I've been working on cleaning/repairing/refinishing my friend's Ruger .44 Deerslayer over the last several months. The rifle was in really rough shape when I first picked it up from him, I have lost most of the pictures but the stock was beaten, dented, cracked, and both the stock and inside the action had never been cleaned. Ever - since 1974.
So I stripped it down, started reading how to try to restore this poor old stock. I stripped it with Circa 1864, steamed all the dents over the course of another weekend, then let it dry before applying epoxy to a large crack and then letting it sit for another month to completely cure.
I sanded the stock first with 100, then 220, then 600 before starting to add my layers of Tru Oil. I only did one coat per day of Tru Oil and after the first 8 coats I started to smooth the finish with 1000 grit and then the final two coats I sanded with 2000 grit to get it smooth.
I discovered what I initially thought was a scratch filled with dirt was actually a crack across the grain on the pistol grip. From another thread that I asked about this crack, I learned that this piece of walnut is an outside cut and the crack could have happened during falling or perhaps a wind crack. My neighbour knew it was an outside cut just from looking at the stock while I was sanding - as most of the stock is a nice cherry walnut but the front forearm on one side is completely blonde - it's kind of unique.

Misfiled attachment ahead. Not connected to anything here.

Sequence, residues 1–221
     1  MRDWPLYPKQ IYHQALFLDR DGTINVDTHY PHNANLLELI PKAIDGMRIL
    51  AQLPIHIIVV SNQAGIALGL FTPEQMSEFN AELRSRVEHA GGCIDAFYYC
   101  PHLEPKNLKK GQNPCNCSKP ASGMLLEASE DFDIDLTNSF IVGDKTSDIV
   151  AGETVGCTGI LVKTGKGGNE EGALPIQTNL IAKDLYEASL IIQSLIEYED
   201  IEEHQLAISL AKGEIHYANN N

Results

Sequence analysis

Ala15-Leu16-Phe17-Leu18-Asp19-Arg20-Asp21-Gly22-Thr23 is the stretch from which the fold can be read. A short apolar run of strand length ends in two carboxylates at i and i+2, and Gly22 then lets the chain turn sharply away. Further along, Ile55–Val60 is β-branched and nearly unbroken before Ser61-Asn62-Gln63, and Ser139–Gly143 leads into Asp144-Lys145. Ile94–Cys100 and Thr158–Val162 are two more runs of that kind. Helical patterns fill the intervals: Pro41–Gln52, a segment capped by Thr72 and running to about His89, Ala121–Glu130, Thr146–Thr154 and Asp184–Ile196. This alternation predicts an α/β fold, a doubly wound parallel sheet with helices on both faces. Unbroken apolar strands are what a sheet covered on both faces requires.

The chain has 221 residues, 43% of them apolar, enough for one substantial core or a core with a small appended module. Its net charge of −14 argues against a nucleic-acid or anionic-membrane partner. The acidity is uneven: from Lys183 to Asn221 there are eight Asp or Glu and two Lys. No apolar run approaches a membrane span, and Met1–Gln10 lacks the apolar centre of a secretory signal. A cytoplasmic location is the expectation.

Here it is after three coats
Here it is after 12 coats, polished and also carnuba waxed:
The half blonde side -
I messed up the finish a little during the polishing stage - so that took more time to correct. This whole project was all about learning how to do this properly and now I think I am ready to try another project with some of my other stocks. It was a lot of labour but a lot of fun, I really enjoyed seeing it slowly come back to life.
I can't wait to get this back to the range.